Real Climate Misunderstanding Of Climate Models December 1, 2008Posted by honestclimate in Discussions.
Tags: climate change, global warming, Roger Pielke Sr
Real Climate Misunderstanding Of Climate Models
By Roger Pielke Sr
From Climate Science
Real Climate has introduced a weblog titled FAQ on climate models. There are quite a few issues that can be raised with their answers, but I will focus on just one here. It is their answer to the question “What is tuning”. They write
“What is tuning?
We are still a long way from being able to simulate the climate with a true first principles calculation. While many basic aspects of physics can be included (conservation of mass, energy etc.), many need to be approximated for reasons of efficiency or resolutions (i.e. the equations of motion need estimates of sub-gridscale turbulent effects, radiative transfer codes approximate the line-by-line calculations using band averaging), and still others are only known empirically (the formula for how fast clouds turn to rain for instance). With these approximations and empirical formulae, there is often a tunable parameter or two that can be varied in order to improve the match to whatever observations exist. Adjusting these values is described as tuning and falls into two categories. First, there is the tuning in a single formula in order for that formula to best match the observed values of that specific relationship. This happens most frequently when new parameterisations are being developed.
Secondly, there are tuning parameters that control aspects of the emergent system. Gravity wave drag parameters are not very constrained by data, and so are often tuned to improve the climatology of stratospheric zonal winds. The threshold relative humidity for making clouds is tuned often to get the most realistic cloud cover and global albedo. Surprisingly, there are very few of these (maybe a half dozen) that are used in adjusting the models to match the data. It is important to note that these exercises are done with the mean climate (including the seasonal cycle and some internal variability) – and once set they are kept fixed for any perturbation experiment.”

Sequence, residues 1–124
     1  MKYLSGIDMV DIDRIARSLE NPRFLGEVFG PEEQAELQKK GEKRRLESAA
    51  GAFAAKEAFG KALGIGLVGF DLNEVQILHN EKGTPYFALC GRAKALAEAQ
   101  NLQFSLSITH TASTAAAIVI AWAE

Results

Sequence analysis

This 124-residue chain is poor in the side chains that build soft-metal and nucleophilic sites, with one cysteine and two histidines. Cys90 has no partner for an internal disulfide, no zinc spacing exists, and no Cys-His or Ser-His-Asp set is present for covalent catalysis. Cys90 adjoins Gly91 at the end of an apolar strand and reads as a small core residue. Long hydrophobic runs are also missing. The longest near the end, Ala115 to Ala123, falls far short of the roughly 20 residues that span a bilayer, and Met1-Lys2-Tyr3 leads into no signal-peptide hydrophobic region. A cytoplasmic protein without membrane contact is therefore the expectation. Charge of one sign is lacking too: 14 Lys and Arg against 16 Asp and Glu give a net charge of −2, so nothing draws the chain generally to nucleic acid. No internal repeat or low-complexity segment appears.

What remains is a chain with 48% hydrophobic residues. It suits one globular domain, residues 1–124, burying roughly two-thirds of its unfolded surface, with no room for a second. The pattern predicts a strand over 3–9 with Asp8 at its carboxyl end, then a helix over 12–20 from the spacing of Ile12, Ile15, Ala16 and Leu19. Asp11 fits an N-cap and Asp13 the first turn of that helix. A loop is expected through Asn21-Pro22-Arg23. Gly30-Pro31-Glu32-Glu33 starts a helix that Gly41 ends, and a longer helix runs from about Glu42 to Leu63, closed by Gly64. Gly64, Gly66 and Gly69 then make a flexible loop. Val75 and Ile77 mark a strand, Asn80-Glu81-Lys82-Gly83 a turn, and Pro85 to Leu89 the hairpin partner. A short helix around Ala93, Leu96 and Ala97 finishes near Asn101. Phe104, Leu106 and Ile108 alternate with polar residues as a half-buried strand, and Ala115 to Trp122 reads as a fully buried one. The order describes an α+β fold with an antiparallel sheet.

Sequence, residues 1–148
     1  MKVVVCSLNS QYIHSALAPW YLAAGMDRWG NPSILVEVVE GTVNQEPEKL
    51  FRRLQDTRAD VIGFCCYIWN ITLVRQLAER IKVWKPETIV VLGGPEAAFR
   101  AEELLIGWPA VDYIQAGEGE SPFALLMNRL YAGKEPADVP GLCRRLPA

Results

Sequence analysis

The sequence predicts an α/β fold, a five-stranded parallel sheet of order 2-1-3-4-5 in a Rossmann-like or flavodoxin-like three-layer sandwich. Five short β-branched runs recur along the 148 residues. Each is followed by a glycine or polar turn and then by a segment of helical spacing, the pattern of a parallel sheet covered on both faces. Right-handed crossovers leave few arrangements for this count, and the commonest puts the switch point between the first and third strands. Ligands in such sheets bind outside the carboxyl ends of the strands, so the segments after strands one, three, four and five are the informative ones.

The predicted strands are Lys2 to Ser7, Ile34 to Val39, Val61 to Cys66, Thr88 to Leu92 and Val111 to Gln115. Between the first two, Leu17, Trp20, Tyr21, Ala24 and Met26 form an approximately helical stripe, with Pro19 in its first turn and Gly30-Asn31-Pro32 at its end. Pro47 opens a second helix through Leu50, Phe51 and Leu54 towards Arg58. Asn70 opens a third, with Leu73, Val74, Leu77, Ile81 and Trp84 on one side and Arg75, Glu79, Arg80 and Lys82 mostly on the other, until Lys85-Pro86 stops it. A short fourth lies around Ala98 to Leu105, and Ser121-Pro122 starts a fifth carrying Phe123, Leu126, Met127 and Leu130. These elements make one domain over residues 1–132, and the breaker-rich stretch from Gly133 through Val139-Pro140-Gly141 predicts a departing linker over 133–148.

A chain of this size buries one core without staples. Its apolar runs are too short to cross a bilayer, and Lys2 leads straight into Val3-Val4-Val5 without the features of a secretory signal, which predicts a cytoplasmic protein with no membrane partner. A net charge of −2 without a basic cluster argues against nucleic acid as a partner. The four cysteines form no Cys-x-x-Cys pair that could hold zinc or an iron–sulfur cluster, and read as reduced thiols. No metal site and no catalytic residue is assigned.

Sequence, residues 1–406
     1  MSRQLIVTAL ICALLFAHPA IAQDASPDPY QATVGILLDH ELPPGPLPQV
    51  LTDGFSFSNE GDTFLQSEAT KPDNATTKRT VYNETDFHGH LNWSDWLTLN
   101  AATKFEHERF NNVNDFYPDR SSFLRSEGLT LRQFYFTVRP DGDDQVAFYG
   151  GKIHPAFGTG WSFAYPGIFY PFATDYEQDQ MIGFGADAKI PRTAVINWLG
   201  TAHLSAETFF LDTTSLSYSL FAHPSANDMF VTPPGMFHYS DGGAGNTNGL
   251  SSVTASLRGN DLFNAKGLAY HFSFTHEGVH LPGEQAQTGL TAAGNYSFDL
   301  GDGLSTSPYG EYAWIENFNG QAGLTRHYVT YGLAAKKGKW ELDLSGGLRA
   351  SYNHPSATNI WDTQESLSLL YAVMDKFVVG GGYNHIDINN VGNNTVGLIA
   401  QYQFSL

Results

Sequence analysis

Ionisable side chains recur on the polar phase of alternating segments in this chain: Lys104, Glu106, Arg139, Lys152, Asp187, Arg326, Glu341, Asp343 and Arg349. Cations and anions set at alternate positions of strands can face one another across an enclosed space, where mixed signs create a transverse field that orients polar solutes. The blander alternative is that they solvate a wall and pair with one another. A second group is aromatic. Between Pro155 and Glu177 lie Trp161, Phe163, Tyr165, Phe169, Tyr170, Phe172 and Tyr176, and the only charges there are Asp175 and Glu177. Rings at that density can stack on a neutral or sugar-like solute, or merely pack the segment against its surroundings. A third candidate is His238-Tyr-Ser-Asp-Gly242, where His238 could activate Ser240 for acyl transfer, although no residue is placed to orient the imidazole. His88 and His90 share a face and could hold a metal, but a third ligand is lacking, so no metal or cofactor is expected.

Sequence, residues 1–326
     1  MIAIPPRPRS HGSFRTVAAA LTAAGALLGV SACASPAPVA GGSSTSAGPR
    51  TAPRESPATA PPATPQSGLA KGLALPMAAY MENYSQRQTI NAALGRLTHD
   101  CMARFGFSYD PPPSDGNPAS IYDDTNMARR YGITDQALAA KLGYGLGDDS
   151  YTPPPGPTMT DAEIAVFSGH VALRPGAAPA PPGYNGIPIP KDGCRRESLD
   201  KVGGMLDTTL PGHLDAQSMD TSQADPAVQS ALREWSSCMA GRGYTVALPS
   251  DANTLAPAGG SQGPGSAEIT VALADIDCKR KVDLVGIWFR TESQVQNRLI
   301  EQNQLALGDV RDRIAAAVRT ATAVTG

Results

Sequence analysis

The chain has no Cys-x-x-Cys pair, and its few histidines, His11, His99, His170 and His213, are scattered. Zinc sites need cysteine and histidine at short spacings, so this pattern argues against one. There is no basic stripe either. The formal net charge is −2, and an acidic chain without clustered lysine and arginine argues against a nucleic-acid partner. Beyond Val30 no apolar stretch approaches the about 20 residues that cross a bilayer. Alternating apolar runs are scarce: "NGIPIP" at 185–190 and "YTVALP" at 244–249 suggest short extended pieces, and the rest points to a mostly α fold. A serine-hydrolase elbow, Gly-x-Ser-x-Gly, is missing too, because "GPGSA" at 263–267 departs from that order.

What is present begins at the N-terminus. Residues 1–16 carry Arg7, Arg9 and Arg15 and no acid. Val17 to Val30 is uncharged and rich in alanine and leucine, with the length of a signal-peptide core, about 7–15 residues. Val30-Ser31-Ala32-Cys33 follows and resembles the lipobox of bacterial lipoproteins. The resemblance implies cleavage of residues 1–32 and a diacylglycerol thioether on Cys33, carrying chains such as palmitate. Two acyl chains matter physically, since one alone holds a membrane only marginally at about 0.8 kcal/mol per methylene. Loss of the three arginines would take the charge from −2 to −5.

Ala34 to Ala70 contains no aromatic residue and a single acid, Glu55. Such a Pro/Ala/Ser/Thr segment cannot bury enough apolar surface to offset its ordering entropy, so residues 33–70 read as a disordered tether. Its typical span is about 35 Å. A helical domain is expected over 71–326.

They make the following remarkable claims:
1. “With these approximations and empirical formulae, there is often a tunable parameter or two that can be varied in order to improve the match to whatever observations exist.”
First, there are always tunable parameters within each parameterization, and there are always quite a few more than one or two.
In my class on modeling, the students have documented the number of tunable parameter for a range of parameterizations, and 10 and more are common for each individual parameterization (e.g. see the class powerpoint presentations at ATOC 7500 for my most recent class).
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